In the dimness of 2 a.m. on Aug. 26, the sky over Cape Canaveral, Florida, lit up with the bright plume of a Minotaur rocket lifting off from its platform. Aboard the rocket, a satellite called Operationally Responsive Space (ORS) awaited its deployment into low Earth orbit.
The ORS-5 SensorSat Satellite is developed by MIT Lincoln Laboratory for the U.S. Air Force to continually scan the geosynchronous belt. The geosynchronous belt is located 36,000 kilometers above Earth. It is also known as a home to a great number of satellites indispensable to the national economy and security.
Currently, the ORS-5 SensorSat satellite is on a 3-year mission. Scientists believe that the data will help them to keep a protective eye on the movements of satellites and space debris in the belt.
Andrew Stimac, the SensorSat program manager said, “There was nothing like seeing the massive Minotaur IV blast our creation into orbit, and then getting those familiar telemetry messages to indicate that it’s really up there and operating just as it did in thermal vacuum testing.”
When the SensorSat has been in the orbit, it has experienced a total checkout process, opened the front of its optical framework, and gathered the primary symbolism of articles in the geosynchronous belt. The nature of the underlying pictures has exhibited that SensorSat uses a very able optical framework that can lead its required mission.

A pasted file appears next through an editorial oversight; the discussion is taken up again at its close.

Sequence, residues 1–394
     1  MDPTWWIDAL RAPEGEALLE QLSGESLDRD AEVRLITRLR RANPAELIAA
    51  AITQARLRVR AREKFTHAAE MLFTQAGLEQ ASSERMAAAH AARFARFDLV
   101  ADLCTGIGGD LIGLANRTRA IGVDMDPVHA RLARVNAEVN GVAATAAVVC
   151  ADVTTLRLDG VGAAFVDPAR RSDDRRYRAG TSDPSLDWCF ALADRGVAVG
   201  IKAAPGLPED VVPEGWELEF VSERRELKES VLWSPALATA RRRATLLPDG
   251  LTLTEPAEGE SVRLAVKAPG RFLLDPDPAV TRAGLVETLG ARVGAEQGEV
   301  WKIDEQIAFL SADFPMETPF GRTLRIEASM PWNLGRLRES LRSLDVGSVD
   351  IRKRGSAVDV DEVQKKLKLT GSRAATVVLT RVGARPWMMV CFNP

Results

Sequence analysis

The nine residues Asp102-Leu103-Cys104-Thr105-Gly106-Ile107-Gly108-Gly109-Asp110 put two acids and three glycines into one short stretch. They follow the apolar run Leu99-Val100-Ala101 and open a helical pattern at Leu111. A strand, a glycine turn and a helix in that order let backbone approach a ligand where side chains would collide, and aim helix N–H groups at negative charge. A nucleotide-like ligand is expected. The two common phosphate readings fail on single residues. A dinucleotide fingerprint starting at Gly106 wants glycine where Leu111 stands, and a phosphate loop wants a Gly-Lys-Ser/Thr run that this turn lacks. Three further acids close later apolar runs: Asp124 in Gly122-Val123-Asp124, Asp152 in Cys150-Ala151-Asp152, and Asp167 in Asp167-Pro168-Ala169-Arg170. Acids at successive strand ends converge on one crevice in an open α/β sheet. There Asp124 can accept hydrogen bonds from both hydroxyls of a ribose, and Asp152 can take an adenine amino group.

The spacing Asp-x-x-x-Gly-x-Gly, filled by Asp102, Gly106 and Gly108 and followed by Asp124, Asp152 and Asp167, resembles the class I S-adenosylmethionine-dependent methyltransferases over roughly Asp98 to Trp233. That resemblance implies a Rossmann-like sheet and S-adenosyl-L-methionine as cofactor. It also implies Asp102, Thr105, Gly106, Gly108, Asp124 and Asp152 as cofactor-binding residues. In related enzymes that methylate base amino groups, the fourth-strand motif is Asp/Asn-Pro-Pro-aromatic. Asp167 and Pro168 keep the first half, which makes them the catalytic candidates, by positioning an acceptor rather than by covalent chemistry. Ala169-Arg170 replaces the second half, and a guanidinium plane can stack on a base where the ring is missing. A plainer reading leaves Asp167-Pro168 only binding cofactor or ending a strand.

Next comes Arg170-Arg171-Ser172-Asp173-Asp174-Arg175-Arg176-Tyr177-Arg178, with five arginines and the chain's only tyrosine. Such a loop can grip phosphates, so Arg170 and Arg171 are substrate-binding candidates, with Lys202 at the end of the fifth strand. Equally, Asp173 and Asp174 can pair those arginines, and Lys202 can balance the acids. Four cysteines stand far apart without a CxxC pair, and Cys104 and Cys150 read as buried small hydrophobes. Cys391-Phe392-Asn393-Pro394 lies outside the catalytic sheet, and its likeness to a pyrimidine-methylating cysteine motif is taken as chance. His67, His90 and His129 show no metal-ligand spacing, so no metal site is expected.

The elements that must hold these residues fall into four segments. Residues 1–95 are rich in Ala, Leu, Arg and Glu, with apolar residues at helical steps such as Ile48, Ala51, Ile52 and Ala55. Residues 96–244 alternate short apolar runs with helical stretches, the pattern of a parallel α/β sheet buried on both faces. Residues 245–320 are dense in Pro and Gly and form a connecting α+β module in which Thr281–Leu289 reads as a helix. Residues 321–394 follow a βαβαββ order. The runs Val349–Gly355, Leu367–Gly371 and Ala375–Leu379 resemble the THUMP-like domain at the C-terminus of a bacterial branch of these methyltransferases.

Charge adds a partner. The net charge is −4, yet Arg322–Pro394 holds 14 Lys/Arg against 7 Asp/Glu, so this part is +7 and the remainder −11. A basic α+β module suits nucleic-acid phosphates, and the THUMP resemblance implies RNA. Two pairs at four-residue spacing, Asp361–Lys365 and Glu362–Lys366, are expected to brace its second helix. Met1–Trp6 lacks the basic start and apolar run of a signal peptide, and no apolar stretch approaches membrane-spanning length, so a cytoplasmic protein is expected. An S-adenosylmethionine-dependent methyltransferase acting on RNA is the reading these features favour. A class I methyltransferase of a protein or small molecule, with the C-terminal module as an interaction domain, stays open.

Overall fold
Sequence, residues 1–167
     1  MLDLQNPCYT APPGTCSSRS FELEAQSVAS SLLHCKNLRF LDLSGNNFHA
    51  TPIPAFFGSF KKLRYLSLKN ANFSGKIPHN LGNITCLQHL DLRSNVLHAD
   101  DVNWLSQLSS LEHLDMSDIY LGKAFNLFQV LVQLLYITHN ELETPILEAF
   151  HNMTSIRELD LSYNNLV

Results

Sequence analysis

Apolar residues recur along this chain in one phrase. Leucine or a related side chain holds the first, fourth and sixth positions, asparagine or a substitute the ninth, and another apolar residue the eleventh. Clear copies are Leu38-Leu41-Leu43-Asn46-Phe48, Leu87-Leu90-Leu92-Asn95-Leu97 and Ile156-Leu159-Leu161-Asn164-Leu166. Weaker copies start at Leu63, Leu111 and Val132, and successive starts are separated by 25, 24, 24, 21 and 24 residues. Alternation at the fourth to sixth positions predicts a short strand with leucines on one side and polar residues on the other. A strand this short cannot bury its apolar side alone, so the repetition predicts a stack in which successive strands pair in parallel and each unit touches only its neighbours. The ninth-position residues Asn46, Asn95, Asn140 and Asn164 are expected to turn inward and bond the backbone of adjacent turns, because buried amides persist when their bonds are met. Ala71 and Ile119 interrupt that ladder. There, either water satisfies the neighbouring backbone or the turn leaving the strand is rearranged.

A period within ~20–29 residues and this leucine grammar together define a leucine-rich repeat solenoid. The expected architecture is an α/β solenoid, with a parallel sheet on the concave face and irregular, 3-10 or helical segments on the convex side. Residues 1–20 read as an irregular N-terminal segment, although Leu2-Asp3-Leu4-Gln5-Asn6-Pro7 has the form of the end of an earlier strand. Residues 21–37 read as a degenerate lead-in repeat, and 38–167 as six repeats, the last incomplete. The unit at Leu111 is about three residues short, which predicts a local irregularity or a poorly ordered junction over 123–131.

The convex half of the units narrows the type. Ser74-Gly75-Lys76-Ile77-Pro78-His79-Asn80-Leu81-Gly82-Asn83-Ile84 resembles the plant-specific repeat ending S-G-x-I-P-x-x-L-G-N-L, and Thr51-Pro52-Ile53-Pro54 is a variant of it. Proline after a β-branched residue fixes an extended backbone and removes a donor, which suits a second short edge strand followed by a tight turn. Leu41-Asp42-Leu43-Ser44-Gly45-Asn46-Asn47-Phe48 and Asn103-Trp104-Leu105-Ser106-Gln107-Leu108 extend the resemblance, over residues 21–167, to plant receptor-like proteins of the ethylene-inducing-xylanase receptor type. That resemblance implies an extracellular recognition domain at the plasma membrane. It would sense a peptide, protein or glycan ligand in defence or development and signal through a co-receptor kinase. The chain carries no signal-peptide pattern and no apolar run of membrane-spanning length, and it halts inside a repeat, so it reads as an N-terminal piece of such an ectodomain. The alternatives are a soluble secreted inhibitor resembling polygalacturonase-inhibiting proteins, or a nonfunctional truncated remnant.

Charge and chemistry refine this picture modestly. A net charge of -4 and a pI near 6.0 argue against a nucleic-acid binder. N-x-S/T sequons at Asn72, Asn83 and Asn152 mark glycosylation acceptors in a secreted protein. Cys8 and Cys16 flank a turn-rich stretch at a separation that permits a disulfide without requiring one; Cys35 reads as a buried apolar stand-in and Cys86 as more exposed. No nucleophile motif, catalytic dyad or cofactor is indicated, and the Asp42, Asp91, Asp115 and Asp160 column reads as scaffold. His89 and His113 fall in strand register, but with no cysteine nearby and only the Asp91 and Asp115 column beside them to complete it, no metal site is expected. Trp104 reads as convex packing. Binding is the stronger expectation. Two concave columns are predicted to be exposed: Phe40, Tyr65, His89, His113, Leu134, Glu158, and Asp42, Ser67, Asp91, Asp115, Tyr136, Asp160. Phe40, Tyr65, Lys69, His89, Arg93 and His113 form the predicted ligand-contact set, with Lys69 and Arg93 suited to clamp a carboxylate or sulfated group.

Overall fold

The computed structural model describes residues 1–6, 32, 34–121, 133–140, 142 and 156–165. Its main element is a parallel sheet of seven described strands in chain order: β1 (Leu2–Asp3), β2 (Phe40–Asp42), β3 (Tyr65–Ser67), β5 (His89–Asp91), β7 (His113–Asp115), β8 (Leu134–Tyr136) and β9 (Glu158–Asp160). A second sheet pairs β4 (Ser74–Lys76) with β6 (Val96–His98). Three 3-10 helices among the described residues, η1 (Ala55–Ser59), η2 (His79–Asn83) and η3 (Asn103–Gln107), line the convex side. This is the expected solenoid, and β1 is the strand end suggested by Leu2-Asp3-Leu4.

The SensorSat weighs about 226-pounds and has small size as compared to other U.S. satellites that monitor activity in the geosynchronous belt. Due to its optical system design, it has a lower-cost, faster-built option for space surveillance missions than the large systems designed for missions of 10 years or more.
Grant Stokes, head of the Lincoln Laboratory’s Space Systems said, “SensorSat is essentially a simple design, but it is a highly sensitive instrument that is one-tenth the size and one-tenth the cost of today’s large satellites.”
Unlike conventional large surveillance satellites, SensorSat works on a different concept. Its fixed optical system surveys each portion of the belt that is within its current field of view as the satellite orbits Earth.
By making almost 4 passes around Earth per day, it offers up-to-date views of activity in the geosynchronous belt. As it is not aimed at specific known objects, an optional advantage to its idea of operations is that it might see new protests that posture dangers to satellites inside the belt.
Engineers took almost three years to design, develop and test the SensorSat. The efforts involved the design, fabrication, and testing of the satellite structure and cover mechanism, lens optomechanics, telescope baffle, charge-coupled device packaging, electrical cabling, and thermal control.
Mark Bury, assistant leader of the Laboratory’s Structural and Thermal-Fluids Engineering Group said, “Perhaps the most important events occurred during thermal-vacuum testing. The satellite is exposed to conditions similar to those on orbit, and we used that test to validate our thermal design.”
“Even more important, the thermal-vacuum test enabled us to get significant runtime on the avionics and components within the spacecraft, emulating the communication cadence and data streams that we would eventually see on orbit.”